Bulgaria Commemorates National Hero Vasil Levski
Bulgaria commemorates Saturday the 138th anniversary of the death of its national hero, freedom-fighter and revolutionary Vasil Levski.
Levski was sentenced to death by an Ottoman court and hanged in Sofia on February 18 (February 6 old style), 1873.
Memorial services for Levski are taking place around the country, as people pay tribute to the hero at his numerous monuments, including the Levski Memorial in downtown Sofia.
Vasil Levski, born Vasil Ivanov Kunchev in 1837, was the leader of Bulgaria's revolutionary movement aimed at national liberation from the Ottoman Empire.
Initially preparing to become an Orthodox monk, Kunchev gave this up in order to dedicate his life to fighting for Bulgaria's freedom.
With relentless and self-sacrificing dedication, Levski created and headed a network of several hundred secret revolutionary committees preparing a national rebellion.
During his participation in the First Bulgarian Legion in Belgrade, Serbia, in 1862, he received the nickname "Levski" - "Lionlike".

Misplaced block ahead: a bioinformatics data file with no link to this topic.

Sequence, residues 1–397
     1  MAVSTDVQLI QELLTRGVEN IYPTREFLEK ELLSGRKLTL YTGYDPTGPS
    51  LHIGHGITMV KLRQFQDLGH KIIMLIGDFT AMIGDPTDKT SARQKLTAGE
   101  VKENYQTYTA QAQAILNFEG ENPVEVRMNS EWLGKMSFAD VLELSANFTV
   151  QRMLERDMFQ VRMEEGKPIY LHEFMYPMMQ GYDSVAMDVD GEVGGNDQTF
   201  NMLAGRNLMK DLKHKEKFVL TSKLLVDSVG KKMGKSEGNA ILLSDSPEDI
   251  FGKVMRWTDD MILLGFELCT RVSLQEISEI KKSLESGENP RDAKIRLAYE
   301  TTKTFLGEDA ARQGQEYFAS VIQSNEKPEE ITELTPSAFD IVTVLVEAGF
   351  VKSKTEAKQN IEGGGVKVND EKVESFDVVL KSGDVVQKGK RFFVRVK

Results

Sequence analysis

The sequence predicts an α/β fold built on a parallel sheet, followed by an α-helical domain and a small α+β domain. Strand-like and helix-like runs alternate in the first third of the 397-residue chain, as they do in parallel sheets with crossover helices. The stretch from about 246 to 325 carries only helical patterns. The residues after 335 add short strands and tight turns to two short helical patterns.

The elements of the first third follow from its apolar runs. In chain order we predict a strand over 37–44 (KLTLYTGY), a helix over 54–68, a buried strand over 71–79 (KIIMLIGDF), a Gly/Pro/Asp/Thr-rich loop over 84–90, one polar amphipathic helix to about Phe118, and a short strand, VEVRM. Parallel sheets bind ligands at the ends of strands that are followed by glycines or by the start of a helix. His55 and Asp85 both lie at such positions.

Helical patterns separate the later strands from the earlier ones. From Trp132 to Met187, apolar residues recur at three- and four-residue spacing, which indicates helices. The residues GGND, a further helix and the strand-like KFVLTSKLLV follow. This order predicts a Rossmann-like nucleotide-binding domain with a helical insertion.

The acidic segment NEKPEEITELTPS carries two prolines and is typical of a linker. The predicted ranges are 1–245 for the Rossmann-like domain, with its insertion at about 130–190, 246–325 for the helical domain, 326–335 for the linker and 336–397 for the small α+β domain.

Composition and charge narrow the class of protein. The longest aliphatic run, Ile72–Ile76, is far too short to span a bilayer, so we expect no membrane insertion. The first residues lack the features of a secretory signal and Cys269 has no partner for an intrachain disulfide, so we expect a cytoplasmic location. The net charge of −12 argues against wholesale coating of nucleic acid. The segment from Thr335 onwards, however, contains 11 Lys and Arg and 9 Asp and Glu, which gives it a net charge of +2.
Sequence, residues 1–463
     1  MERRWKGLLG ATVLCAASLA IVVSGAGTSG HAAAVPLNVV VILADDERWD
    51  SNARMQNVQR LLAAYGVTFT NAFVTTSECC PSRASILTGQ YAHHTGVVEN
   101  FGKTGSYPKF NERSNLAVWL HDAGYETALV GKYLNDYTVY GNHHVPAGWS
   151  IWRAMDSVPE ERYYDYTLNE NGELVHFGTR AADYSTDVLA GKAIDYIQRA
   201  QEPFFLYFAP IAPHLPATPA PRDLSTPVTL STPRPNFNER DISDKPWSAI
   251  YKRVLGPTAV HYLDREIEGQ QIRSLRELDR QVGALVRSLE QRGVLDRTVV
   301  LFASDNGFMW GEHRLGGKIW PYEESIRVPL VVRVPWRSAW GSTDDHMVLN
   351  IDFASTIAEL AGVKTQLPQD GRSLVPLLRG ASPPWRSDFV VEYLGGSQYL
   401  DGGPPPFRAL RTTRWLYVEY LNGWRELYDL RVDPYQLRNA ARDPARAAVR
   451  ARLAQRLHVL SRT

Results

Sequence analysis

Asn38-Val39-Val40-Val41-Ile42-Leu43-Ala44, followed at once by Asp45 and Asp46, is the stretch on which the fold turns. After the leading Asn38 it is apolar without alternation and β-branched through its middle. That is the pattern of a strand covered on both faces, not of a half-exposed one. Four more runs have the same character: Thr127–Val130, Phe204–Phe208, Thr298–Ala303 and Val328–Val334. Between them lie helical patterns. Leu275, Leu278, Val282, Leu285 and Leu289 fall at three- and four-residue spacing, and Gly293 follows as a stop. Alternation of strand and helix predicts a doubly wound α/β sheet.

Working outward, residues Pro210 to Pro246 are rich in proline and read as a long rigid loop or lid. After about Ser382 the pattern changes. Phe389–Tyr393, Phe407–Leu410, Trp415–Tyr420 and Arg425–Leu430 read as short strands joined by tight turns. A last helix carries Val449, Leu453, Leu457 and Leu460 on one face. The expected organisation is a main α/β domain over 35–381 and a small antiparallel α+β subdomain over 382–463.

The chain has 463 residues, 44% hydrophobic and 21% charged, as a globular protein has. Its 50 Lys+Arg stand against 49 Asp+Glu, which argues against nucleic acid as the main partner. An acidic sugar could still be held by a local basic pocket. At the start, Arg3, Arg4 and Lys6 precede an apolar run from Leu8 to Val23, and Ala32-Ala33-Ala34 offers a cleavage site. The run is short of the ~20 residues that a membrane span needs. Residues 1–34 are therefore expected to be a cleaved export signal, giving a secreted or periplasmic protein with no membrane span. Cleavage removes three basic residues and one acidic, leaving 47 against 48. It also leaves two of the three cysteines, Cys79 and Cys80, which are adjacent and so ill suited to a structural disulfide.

After organizing the revolutionary movement all across Bulgaria for several years, Levski was captured by the Ottoman Turkish police in late 1872, and was sentenced to death by hanging for his revolutionary activity.
His progressive political ideas envisaged a "holy and pure" Bulgarian republic based on the fundamental rights of everyone, abiding by democratic principles and based on religious and ethnic equality.
For his self-sacrifice and sublime ideas, Levski has been dubbed "the Apostle of Freedom" by Bulgarians.
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